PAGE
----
When it first hit the theaters, the science fiction blockbuster “Star Wars” blew everyone’s minds. I know. I was there. (Yes, I’m that old.) No one had ever seen a movie like it before, and they kept coming back to the theaters to see it again. It ran for a straight seventeen weeks at the main movie theater in my town, which was unheard of at the time.
Back in 1977, there was no such thing as a multiplex movie theater. There weren’t even that many strip malls. In fact, I suspect that the idea of a multiplex theater resulted from “Star Wars”, and the way it transformed the movies.
Before “Star Wars”, going to the movies just wasn’t that thrilling. Movies were rated as either good, bad, or great, and people were often just as satisfied to stay home and watch one of the many popular TV shows. It wasn’t until after the success of this film that producers and moviegoers started thinking in terms of “blockbusters”. Something that would far exceed everyone’s expectations, break the mold of the average film, and sell more tickets than was deemed possible.
Investors then became willing to put up a lot more money to help make another blockbuster happen, along with all of its related products. Through its astounding box office success, and its commercial earnings from all the movie-related books, toys, video games, T-shirts, and comics, “Star Wars” had rocketed to movie stardom beyond anyone’s imagining. And everybody everywhere – producers and viewers and publishers and toymakers – couldn’t have been happier.
Except for writer and director George Lucas. He was disappointed that he couldn’t have made a better movie.
Sadly, he didn’t have the budget to do the film the way he really wanted. Which leads one to believe that no one would have had such a budget, since this movie had already stretched its special effects past the limits of contemporary filmmakers’ minds and wallets. Still, Lucas had to rush to put together the final version of the film. It’s rumored that “Star Wars” was still being edited a few hours before its nationwide release into theaters. As such, Lucas felt he had done a disservice to his concept, never fully realizing his original vision.
Much like his protagonist, Luke Skywalker, who feels ill-equipped to join Obi-Wan Kenobi on a revolutionary crusade, though he wants to do so with all his heart. It’s been Luke’s longtime dream to join the academy of fighter pilots, and to secretly join the Rebel Alliance that’s fighting against the cruel dictatorship of the Empire. However, his “practical” considerations hold him back from taking such huge risks. He sees no way to leave his home planet and his responsibilities, as well as his family’s expectations, to venture out into an uncertain future. It’s the same thing that scares all of us. What if we can’t reach the goals we set for ourselves? And what will everyone else think of us when we fail? What if we choose the wrong path?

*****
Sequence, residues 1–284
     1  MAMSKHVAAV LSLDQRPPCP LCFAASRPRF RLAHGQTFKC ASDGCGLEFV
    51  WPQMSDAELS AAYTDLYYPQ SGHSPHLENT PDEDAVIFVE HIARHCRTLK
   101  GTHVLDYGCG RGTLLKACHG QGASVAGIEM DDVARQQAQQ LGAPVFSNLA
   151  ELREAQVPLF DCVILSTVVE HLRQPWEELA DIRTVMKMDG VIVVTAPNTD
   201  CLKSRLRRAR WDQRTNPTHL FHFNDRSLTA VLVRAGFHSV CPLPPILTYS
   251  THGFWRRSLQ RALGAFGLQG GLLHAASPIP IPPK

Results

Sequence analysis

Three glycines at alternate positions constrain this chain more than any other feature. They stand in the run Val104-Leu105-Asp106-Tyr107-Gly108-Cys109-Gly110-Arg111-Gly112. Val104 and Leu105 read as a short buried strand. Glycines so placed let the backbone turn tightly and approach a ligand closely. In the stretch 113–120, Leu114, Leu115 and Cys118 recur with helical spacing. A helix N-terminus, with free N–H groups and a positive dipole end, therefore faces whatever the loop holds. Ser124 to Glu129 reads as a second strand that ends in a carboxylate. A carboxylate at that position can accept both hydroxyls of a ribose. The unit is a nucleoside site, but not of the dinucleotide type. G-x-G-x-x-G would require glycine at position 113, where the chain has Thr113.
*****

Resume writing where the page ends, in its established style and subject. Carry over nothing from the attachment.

It’s a new year, the time when people start thinking of how to change their lives for the better in the next 365 days. Getting in shape and getting out of debt. Joining a worthy cause and spending more quality time with our families. Learning how to make pasta or write a sonnet or hang drywall. We want to add in whatever we feel is missing from our lives and making us feel somewhat incomplete.
But most of us never get off of our comfortable couches to accomplish these goals and dreams, because we fear the devastating disappointment of failure. We often set ridiculously high expectations for ourselves, such as running five miles a day when we’ve never even gone for a brisk walk. And then, surprise, we don’t reach our goal! Just as we had expected, deep down. We set out to do something simple – like produce a mega-hit blockbuster movie – but it doesn’t quite turn out the way we had hoped it would.
That’s okay. Really.
At a Christian conference several years ago, a speaker encouraged us to remember that anything worth doing is worth doing poorly. He explained that he had mis-quoted this familiar moral intentionally, because all too often, we think that our pet projects must either be done well or not at all. In fact, most of us think they should all be done perfectly. And therefore, we never really start work on them, because we’re never satisfied with our efforts.
At some point, we just need to step out and get it done. Even if it’s not perfect, it could be something great. And we’ll accomplish far more by making an effort than by refusing to get started.
Luke Skywalker ran out of excuses when his family and home were destroyed. The murder of his adoptive family showed him how dangerous the Empire was, and freed him to do something about it. Under Obi-Wan’s tutelage, he learned to control his outbursts of temper and to exercise a new faith in the Force, a source of strength and focal power that only a few people still believed in. Luke found the means for changing and directing his life to accomplish something incredible, ultimately destroying the Empire’s deadly weapon and nullifying their threat.
But he had to start with a simple decision to step out. As he practices with his new light saber and tries to understand how to get in touch with the Force, he begins to experience its power. “That’s good,” Obi-Wan instructs him. “You’ve taken your first step into a larger world.”
So go ahead. Take a risk. Try something new. Open your mind to new ideas, new opportunities, and the very likely possibility that you’ll succeed in a far greater measure than you anticipated, if you just take that step. And if you don’t achieve all of your goals, don’t sweat it. Just like George Lucas, you can always go back and fix it in another twenty years.
Find more reviews of Star Wars at amazon.com!
Wednesday, December 31st, 2008